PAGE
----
Lezyne Steel Digital Drive Review
Compare prices at 2 resellers Pros: Sturdy metal base, wooden handle, high pressure gauge to 300 psi, digital gauge
Cons: Requires excessive pumping, doesn't bleed air from Presta valves, flip-chuck head can unscrew valve stem
Our Analysis and Test Results
For such a good looking pump, we were expecting a lot, especially given the steep price tag and reputation for quality that Lezyne has earned over the years. Maybe we got a lemon, but inflating tires with this pump kept us wondering, "Is this thing broken?". When first attaching the flip-thread chuck onto a valve, we expected the digital gauge to read the current pressure inside the tire. It didn't. It took a few pumps to get the gauge to register and the pumping action, as described above, felt empty. We swapped around the o-rings inside the pump and experienced the same feeling. On the plus side, this pump scored well in our stability, gauge, and accuracy metrics, though the overall experience was underwhelming, especially given the high cost.
Standing in stark contrast to some of the fragile plastic bases of other models we tested, you could use the aluminum base of the Steel Digital Drive as a hammer. It shares the same dimensions and design of the Lezyne Steel Floor Drive but instead of an analog gauge, a digital gauge sits atop the front tripod leg. The back legs are 4 1/8 inches in length and just under 1 1/2 inches wide; the front leg (that holds the gauge) widens to 3 inches and provides a great deal of additional stability and surface area contact. Small rubber nodes sit in recesses at the distal end of each leg (two on the leg with the gauge) to provide traction on slick surfaces and also serve to protect delicate surfaces. The rubber pieces appear to be glued into the recesses, though one disappeared somewhere during our testing. On most surfaces, the pump performs unaffected, but pumping on fine hardwood floors might not be the best idea.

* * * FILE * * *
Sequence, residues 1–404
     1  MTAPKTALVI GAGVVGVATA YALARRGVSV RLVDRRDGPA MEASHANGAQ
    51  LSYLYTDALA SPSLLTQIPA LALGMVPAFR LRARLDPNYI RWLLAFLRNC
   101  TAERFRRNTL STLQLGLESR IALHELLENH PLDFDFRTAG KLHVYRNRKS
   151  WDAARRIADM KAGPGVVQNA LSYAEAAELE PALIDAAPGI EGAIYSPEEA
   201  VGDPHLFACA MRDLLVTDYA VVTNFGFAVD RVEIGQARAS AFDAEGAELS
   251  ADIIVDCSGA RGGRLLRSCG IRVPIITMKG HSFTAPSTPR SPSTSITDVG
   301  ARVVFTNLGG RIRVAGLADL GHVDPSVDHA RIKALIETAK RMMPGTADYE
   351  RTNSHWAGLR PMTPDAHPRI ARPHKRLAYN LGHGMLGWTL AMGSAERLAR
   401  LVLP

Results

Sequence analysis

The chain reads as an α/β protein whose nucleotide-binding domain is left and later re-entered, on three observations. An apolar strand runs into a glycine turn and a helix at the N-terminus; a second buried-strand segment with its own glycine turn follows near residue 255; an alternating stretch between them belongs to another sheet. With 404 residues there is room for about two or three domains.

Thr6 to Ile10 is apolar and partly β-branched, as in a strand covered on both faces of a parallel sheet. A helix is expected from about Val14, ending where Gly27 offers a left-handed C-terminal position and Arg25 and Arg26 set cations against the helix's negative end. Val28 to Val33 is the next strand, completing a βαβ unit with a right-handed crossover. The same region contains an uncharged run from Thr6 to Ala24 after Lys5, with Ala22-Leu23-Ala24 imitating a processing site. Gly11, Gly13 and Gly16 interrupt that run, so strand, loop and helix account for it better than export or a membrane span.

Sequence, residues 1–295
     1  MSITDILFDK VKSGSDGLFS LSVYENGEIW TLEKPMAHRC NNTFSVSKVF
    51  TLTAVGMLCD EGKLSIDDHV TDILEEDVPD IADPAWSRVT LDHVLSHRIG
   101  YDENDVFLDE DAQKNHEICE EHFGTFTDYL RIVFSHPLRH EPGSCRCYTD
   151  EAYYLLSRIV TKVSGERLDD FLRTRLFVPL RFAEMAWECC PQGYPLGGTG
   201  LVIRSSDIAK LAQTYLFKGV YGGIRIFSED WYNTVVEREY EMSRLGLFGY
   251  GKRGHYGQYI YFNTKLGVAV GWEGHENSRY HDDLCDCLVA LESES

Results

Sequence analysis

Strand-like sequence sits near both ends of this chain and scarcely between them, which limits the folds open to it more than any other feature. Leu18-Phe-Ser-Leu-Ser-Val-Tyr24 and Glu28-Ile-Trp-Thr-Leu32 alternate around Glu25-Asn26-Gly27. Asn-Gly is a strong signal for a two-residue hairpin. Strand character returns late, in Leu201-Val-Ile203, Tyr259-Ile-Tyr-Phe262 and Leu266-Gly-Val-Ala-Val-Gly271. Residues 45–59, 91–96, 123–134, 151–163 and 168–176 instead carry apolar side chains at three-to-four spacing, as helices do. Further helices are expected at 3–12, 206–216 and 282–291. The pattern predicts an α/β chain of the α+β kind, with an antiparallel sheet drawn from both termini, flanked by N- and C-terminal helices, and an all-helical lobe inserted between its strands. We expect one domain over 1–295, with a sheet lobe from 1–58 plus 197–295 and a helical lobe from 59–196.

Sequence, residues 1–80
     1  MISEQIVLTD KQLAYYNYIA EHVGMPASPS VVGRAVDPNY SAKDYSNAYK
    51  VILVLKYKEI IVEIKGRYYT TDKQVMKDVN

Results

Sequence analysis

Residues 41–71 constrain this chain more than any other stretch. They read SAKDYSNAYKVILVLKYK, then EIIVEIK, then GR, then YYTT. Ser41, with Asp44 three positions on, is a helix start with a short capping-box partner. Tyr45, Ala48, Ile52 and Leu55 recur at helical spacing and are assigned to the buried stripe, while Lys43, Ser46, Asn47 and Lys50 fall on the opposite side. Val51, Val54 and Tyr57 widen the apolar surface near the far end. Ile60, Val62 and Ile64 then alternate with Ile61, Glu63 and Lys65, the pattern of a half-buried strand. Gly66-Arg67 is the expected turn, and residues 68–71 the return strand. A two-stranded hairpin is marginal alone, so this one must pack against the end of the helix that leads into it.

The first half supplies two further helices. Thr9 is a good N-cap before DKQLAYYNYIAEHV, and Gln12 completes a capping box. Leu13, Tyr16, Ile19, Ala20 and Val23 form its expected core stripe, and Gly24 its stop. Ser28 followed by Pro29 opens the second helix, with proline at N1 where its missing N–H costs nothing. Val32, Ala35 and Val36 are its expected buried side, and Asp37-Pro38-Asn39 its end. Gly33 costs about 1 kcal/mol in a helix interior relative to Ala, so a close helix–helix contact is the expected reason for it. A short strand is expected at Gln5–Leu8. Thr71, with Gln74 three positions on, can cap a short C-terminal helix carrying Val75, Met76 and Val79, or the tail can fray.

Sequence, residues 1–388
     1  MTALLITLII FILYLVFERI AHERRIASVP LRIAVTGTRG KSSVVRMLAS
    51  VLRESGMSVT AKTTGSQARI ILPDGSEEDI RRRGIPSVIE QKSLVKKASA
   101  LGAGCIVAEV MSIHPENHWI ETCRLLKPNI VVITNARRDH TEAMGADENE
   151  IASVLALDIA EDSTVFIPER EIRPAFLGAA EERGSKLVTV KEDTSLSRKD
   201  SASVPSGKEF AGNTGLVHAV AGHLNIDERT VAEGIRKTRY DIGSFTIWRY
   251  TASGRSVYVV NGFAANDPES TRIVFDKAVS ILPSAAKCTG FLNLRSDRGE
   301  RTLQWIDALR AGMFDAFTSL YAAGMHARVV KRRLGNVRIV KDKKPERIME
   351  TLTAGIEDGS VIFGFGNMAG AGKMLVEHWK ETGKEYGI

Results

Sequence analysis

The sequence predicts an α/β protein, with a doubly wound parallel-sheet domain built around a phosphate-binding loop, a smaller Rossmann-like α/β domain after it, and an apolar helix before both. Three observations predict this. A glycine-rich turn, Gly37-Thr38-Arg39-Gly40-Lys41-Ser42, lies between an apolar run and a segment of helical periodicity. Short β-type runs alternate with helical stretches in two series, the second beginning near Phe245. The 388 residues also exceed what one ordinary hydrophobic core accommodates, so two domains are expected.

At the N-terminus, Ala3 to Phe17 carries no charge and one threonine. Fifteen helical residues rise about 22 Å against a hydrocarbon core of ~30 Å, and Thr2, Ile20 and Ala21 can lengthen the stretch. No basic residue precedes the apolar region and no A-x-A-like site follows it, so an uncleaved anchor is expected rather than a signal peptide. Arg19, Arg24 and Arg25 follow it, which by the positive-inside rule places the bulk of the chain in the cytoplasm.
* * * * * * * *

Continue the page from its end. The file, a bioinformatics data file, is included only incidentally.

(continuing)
Ease of Attachment/Detachment
The high-pressure ABS (Air Bleed System) flip-thread chuck screws onto both Schrader and Presta valves; this was the only thread on air chuck in our test. In theory, a thread-on chuck will last longer than the seals of a press-on chuck that repeatedly press onto a valve stem. The possibility of the head-blowing off the valve stem during pumping is also eliminated. To accommodate different valve types, the distal anodized gold portion unthreads from the adjacent black coupling. The black coupling that the anodized gold ABS flip-thread chuck threads into spins freely at its attachment and is used to secure the chuck to the valve.
Initially we were threading the chuck onto valves, holding the golden chuck in the middle, between the two ends, where the bleed valve is located. It was extremely difficult to thread onto the valve without accidentally pushing the button. We soon realized our error and began threading it onto the valve, using the coupling that receives the chuck. While this aids in placing the valve on the threads, it isn't much help in getting it off. Using the coupling to unscrew the chuck from the valve will simply unscrew the chuck from the coupling, while accidentally hitting the ABS button (when unthreading properly by the chuck itself) is nearly unavoidable. Not a big deal for Presta valves because the ABS button does not actually release pressure from the tire, rather just from the hose to ease removal. Conversely, air will be released from the tire using the ABS button with a Schrader valve.